Meat quality-related traits

Heritability of meat quality related traits varied between 0.18 (for IMF) to 0.48 (for pHu). pH15 and pHu were not genetically correlated (rg of −0.09). Significant genetic correlations were revealed between the fall in pH and meat characteristics: the greater the early rate of fall in pH the redder, the less tender the breast meat (rg of −0.51 between pH15 and a*, of −0.44 between pH15 and SF), but the lower the ultimate pH, the lighter, the more yellow and the more exudative the meat (rg of -0.83, -0.53 and -0.68 between pHu and L*, b* and DL, respectively). Significant positive genetic correlations were consistently found between L*, b* and DL of the meat (0.47-0.64). The results also revealed positive genetic correlations between the intramuscular fat content and lightness (rg of 0.42) as well as the shear force (rg of 0.57) of the meat.

Genetic correlations between growth, body composition and meat quality-related traits

The genetic correlations between body weight and body composition and the meat quality traits were generally low to moderate. However, meat redness exhibited a negative correlation with body weight (−0.42) and AFP (−0.46). AFP was also negatively related to yellowness (rg of −0.43) and BMY to pH15 (rg of −0.41). A marked positive genetic correlation was observed between LEGP and SF (rg of +0.62).

Behaviour at slaughter and meat quality

The estimated heritability of duration of wing flapping was 0.41 ± 0.09, with low to moderate genetic correlations (0.04-0.20 in absolute value) with BW12, BMY, AFP, LEGP, pHu, L*, b*, DL, SF, and IMF. By contrast, significant genetic correlations were found between WF and pH15 as well as a*, estimates being -0.71 ± 0.11 and 0.52 ±0.15, respectively.

Heritability estimates and genetic correlations according to sex

The genetic parameters for male and female traits are reported in Additional file 1: Table S1 and Additional file 1: Table S2.

Body weight and body composition traits

Heritability of BW9, BW12, and BMY was higher in females (from 0.46 to 0.60) than in males (from 0.29 to 0.39) while it was the opposite for AFP. However, standard errors were greater than in the whole population, which was to be expected as the sample size was lower. The positive genetic correlation between body weight at the different ages and AFP was stronger in the males (between 0.43 and 0.60) than in the females (between 0.16 and 0.35, NS), while the negative genetic correlation between AFP and BMY was more marked in the females (−0.57) than in the males (−0.38, NS).

Meat quality in relation to body weight and body composition

Heritability of meat quality traits was similar in both sexes, except for L*, DL and IMF for which it was higher in the males (0.55, 0.43, and 0.25 respectively) than in the females (0.45, 0.31, and 0.16 respectively). Strong negative genetic correlations between body weight and AFP and meat redness (a*) were observed in males (around -0.75) whereas they were much lower and non-significant in females (between −0.28 and 0). As in the whole population, a negative genetic correlation between pH15 and BMY was observed in both the males (−0.52) and females (−0.43). The genetic correlations between L* and pHu and between L* and DL were lower (in absolute value) in the females (−0.78 and 0.36, respectively) than in the males (−0.90 and 0.84, respectively). Breast meat SF and LEGP remained positively correlated for both sexes (0.72 and 0.65 for males and females, respectively) whereas the correlation between SF and L* was significant in the females (0.57) but not in the males (0.10).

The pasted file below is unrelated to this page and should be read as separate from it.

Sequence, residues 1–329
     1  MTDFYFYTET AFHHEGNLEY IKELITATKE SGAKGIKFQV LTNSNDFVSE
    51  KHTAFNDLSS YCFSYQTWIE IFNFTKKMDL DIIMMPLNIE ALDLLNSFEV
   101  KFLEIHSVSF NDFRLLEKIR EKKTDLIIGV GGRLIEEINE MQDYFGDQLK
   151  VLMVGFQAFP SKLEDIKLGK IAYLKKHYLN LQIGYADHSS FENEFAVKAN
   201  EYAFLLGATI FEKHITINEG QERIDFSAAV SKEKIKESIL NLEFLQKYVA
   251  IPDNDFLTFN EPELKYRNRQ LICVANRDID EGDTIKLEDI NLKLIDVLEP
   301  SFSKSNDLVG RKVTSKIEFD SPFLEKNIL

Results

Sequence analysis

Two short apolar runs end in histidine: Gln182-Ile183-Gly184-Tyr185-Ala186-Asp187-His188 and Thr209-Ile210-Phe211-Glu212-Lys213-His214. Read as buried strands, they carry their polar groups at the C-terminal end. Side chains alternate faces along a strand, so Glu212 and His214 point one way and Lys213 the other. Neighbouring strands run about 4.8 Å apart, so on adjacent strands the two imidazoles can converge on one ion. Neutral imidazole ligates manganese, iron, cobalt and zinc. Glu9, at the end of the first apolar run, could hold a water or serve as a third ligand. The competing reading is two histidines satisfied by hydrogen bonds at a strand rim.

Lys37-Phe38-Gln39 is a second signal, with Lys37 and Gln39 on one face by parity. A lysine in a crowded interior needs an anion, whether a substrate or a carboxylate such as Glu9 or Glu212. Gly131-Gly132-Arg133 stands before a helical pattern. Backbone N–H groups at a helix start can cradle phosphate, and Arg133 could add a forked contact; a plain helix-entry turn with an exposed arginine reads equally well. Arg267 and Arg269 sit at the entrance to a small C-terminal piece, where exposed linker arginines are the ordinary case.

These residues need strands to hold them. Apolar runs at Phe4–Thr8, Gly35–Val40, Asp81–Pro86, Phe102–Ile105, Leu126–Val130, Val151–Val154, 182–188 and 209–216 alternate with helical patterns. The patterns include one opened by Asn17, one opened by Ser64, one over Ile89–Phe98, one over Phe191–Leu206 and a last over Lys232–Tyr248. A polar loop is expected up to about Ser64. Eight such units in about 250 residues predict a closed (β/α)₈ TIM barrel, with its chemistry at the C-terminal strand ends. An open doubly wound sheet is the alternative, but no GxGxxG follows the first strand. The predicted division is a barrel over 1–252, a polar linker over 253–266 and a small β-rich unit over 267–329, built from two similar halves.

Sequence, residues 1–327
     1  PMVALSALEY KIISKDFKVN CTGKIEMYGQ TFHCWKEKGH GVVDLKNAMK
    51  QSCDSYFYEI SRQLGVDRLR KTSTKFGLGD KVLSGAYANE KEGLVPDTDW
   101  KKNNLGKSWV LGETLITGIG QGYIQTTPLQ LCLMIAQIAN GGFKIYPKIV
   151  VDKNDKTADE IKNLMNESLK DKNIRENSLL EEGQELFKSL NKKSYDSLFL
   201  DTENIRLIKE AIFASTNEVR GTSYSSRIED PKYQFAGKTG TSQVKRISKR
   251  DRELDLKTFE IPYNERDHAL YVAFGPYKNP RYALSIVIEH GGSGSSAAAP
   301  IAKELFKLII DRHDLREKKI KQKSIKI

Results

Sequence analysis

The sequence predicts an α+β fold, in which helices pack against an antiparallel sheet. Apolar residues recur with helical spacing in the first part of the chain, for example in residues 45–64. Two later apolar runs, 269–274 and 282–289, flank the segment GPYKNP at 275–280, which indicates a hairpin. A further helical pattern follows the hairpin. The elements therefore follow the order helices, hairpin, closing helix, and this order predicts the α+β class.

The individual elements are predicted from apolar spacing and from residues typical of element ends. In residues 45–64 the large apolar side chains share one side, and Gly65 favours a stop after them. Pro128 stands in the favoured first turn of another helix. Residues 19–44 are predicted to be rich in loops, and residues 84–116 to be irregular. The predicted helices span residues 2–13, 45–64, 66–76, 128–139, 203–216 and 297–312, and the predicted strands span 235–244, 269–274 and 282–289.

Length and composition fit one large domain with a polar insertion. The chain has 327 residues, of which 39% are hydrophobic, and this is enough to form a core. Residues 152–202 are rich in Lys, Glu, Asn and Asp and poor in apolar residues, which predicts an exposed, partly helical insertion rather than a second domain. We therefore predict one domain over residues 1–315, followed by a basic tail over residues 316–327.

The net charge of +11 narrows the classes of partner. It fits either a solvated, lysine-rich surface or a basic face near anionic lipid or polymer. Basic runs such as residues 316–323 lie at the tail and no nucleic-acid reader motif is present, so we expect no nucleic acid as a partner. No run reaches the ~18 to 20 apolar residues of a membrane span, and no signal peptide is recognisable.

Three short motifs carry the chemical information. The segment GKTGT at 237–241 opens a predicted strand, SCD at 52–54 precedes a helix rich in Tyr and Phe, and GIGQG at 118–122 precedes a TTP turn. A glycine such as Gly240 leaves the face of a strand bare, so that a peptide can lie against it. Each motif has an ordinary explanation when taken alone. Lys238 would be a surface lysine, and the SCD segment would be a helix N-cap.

Because the minimal age of the animals required by the “label” organisation is 81 days, the “label” strains have to be chosen from a specific list which only contains slow-growing lines. Independently of the characteristics associated with reproduction, the selection of these lines includes several traits associated with the quality of the final product such as body weight (mainly to avoid genetic drift), body conformation (improvement of the breast angle and a better meat and bone yield), fattening (which has to be maintained rather low) as well as the thickness of the skin and the feed conversion [1, 2]. This study was the first one dealing with the genetic aspects of carcass and meat quality related traits in a “label” strain. The small number of sire families considered in this study was a limitation regarding the accuracy of the genetic parameter estimates, especially the genetic correlations, which should be confirmed on a larger data set in order to find out the most relevant criteria of selection. However, one can underline the fact that several estimated correlations were consistent with previous ones obtained on conventional broiler lines, showing that we may be confident about the sign and the strength of these relationships.